For the past five years I have experimented with magnetic loop antennas. I thought it was time to publish a magnetic loop compendium of my work, complete with links to all articles.
My experience with design, construction and use of magnetic loop antennas really started in the fall of 2014. I was searching for the sources of RFI in my neighborhood. To support these efforts, I built a quick and dirty tuned loop covering 2-20 MHz, shown above as #1. It contained switchable frequency range and resistive attenuation. You can see this DF loop in detail in my video Adventures with Radio Frequency Interference, at the 13 minute mark.
Next up in the magnetic loop compendium was my 40-10 meter small transmitting loop, shown above as #2. This was a five foot diameter copper tube, with a home made butterfly capacitor. I motorized the tuning with a stepper and plastic gears. My local WIFI enabled remote tuning.
Built in the spring of 2015, my STL was really an internet-of-things project leveraging my home made 3D printer for gears and mounting and CNC machine to mill the capacitor plates.
My final tuned loop, shown as #3, covered medium wave and lower short wave bands. This was a multi-turn loop made of magnet wire mounted on a 2′ square frame made from dowels and plastic. You will see innovations in this summer 2016 loop included wired remote control, azimuth and elevation rotation using servo motors. Also, I used relays to switch tuning range and a digital-to-analog converter to provide tuning voltage for the varicaps.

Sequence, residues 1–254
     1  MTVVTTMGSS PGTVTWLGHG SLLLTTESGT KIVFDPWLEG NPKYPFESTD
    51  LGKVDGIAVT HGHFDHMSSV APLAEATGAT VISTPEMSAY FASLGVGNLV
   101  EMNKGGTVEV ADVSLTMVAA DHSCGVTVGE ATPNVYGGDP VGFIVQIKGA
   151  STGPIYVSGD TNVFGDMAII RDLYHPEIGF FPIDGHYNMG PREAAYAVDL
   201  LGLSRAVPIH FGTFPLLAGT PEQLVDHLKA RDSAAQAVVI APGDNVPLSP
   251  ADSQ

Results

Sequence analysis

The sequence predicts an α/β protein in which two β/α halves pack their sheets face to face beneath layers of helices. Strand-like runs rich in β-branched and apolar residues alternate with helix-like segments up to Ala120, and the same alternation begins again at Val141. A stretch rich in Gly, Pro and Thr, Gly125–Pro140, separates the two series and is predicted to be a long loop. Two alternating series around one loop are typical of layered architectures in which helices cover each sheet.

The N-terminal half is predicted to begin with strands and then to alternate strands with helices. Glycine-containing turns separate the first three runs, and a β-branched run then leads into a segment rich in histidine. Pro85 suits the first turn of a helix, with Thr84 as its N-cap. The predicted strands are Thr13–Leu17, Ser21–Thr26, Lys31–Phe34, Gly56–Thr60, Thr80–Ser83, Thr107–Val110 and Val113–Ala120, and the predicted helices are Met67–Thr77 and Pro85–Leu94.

All of these projects produced working products and were a lot of fun to build. But then I decided to take the leap into active wideband receiving loops, which work on very different principles.
Magnetic Loop Compendium – Going Wideband
Last year, I bought an Afedri dual channel coherent receiver. I thought it might be fun to build some spaced active loops to experiment with spatial filtering, including noise reduction and diversity reception.
Over the past six months, I have written several series of articles describing:
- Wideband magnetic loop theory, including a working LTSpice model you can download and use. I tried to describe the theory with only most basic math.
- Simulations to compare the performance of various published loop antenna amp designs.
- An original design of a wideband loop amplifier using a high speed op amp transimpedance amplifier. Unfortunately, I could not get enough stability out of my design.
- My own PCB design for the proven LZ1AQ amplifier. If you wish, you can order the PCB from OSH Park and build a surface mount version of this amplifier for a few dollars. Details are in the articles.
At present, I have a Mostly Plastic Wideband Receiving Loop up and running (see picture #4), using the LZ1AQ amplifier and constructed of aluminum core PEX. Just starting out is a DIY receiving loop rotator which should be finished soon.
If you are interested, take the time to enjoy these articles in my Magnetic Loop Compendium.